Distribution of furamidine analogues in tumor cells: Targeting of the nucleus or mitochondria depending on the amidine substitution

Amélie Lansiaux, Farial Tanious, Zohar Mishal, Laurent Dassonneville, Arvind Kumar, Chad E. Stephens, Qiyue Hu, W. David Wilson, David W. Boykin, Christian Bailly

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65 Scopus citations


Diphenylfuran diamidines represent an important class of DNA minor groove binders of high therapeutic interest as antiparasitic or antitumor agents depending on the compounds structures. To exert their cytotoxic action, the compounds must first get into the cell and reach the nuclear compartment where the main target, DNA, is located. The forces that drive the drugs into cell nuclei, as well as the influence of the molecular structures on the cell distribution, are not known. To address these issues, we took advantage of the fluorescence of the molecules to analyze their intracellular distribution profiles in tumor cells of different origins (B16 melanoma, MCF7 mammary adenocarcinoma, A549 lung carcinoma, HT29 colon carcinoma, LNCaP, and PC3 prostatic carcinoma) by epifluorescence and confocal microscopy. A homogeneous series of synthetic bis-substituted alkyl or phenyl amidine and reverse amidine derivatives of furamidine was used to dissect the molecular mechanisms that control the distribution of the drugs into the cytoplasm or the nucleus of the cells. The amidine (DB75) and the various N-alkyl derivatives were found to accumulate selectively in the cell nuclei. This is also the case for a guanidine derivative but not for the phenyl-substituted compound DB569, which essentially localizes in cytoplasmic granules. Similar cytoplasmic patterns were observed with a reverse amidine analogue and a pyridine-substituted compound indicating that the presence of aromatic rings on the terminal side chain is the limiting factor that restricts the uptake of the compounds in the nuclear compartment. The use of different organelle-selective fluorescent probes, such as JC-1 and chloromethyl-X-rosamine, both specific to mitochondria and neutral red considered as a lysosome-selective probe, suggests that DB569 preferentially accumulates in mitochondria. Competition experiments with the antitumor drug daunomycin reveal that the diphenylfurans are attracted into the nuclei by the DNA. The DNA minor groove-drug interactions provide the driving force that permits massive accumulation of the fluorescent molecules in the nuclei. The DNA binding properties of the diphenylfuran derivatives were investigated by DNase I footprinting and surface plasmon resonance biosensor experiments to measure sequence selectivity and binding affinities, respectively. Furamidine and its phenyl-substituted analogue that accumulate in the cell nuclei and mitochondria, respectively, share a common selectivity for AT sites and bind equally tightly to these sites. Therefore, it is possible to modulate the intracellular distribution of the furamidine derivatives without affecting their DNA binding and sequence recognition properties. The introduction of aromatic substituents on diphenylfuran diamidines represents a novel strategy to control the intracellular compartmentalization of these DNA binding agents and directs them to mitochondria. This drug design strategy may prove useful to trigger drug-induced apoptosis.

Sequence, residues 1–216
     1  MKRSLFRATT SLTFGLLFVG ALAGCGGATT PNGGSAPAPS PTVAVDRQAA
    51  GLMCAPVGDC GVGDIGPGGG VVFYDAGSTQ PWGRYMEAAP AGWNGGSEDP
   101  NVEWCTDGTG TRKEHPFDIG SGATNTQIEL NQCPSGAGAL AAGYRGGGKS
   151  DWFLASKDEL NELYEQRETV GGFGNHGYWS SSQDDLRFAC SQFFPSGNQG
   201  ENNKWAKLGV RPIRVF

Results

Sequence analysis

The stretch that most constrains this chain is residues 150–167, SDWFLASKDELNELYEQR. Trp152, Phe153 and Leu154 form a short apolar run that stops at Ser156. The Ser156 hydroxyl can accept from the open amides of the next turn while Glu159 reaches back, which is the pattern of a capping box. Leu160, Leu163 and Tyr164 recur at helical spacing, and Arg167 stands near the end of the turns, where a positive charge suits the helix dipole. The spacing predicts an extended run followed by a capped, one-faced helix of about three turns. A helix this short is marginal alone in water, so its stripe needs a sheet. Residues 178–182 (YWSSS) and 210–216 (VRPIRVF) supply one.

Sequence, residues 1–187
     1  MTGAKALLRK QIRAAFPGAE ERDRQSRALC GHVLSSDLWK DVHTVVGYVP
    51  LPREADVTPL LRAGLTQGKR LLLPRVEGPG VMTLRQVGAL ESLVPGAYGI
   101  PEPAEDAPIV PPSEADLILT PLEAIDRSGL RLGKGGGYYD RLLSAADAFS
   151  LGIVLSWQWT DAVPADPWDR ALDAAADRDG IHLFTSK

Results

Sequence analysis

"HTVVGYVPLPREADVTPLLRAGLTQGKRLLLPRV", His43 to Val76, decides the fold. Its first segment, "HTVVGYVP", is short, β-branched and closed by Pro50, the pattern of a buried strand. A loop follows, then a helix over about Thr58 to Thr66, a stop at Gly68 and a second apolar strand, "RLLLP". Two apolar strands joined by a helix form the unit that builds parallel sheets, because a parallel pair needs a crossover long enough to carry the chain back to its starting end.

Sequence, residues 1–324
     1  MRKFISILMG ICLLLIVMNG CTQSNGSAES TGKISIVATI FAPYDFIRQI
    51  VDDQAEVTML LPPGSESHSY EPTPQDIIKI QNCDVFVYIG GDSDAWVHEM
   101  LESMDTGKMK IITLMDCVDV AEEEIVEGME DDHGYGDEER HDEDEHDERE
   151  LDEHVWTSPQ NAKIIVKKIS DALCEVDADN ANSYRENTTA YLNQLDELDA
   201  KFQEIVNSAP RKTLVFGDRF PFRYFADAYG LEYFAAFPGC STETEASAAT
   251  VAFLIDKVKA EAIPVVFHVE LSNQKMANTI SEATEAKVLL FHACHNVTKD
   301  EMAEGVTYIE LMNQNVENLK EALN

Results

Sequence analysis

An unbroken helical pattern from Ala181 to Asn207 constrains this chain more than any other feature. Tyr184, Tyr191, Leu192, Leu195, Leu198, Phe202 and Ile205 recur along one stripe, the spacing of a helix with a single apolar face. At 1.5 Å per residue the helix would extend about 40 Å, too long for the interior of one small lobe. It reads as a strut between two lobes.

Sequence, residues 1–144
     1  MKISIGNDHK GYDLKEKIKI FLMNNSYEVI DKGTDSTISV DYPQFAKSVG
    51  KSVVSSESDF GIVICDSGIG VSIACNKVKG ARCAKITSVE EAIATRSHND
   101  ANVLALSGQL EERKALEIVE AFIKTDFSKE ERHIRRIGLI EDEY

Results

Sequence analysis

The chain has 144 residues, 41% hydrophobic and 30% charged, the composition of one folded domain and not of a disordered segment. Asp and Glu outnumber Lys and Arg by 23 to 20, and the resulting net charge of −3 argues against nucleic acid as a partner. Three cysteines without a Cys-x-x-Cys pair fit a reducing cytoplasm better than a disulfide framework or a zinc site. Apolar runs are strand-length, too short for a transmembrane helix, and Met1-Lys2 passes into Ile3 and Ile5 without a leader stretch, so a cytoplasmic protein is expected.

Original languageEnglish (US)
Pages (from-to)7219-7229
Number of pages11
JournalCancer Research
Issue number24
StatePublished - Dec 15 2002
Externally publishedYes

ASJC Scopus subject areas

  • Oncology
  • Cancer Research


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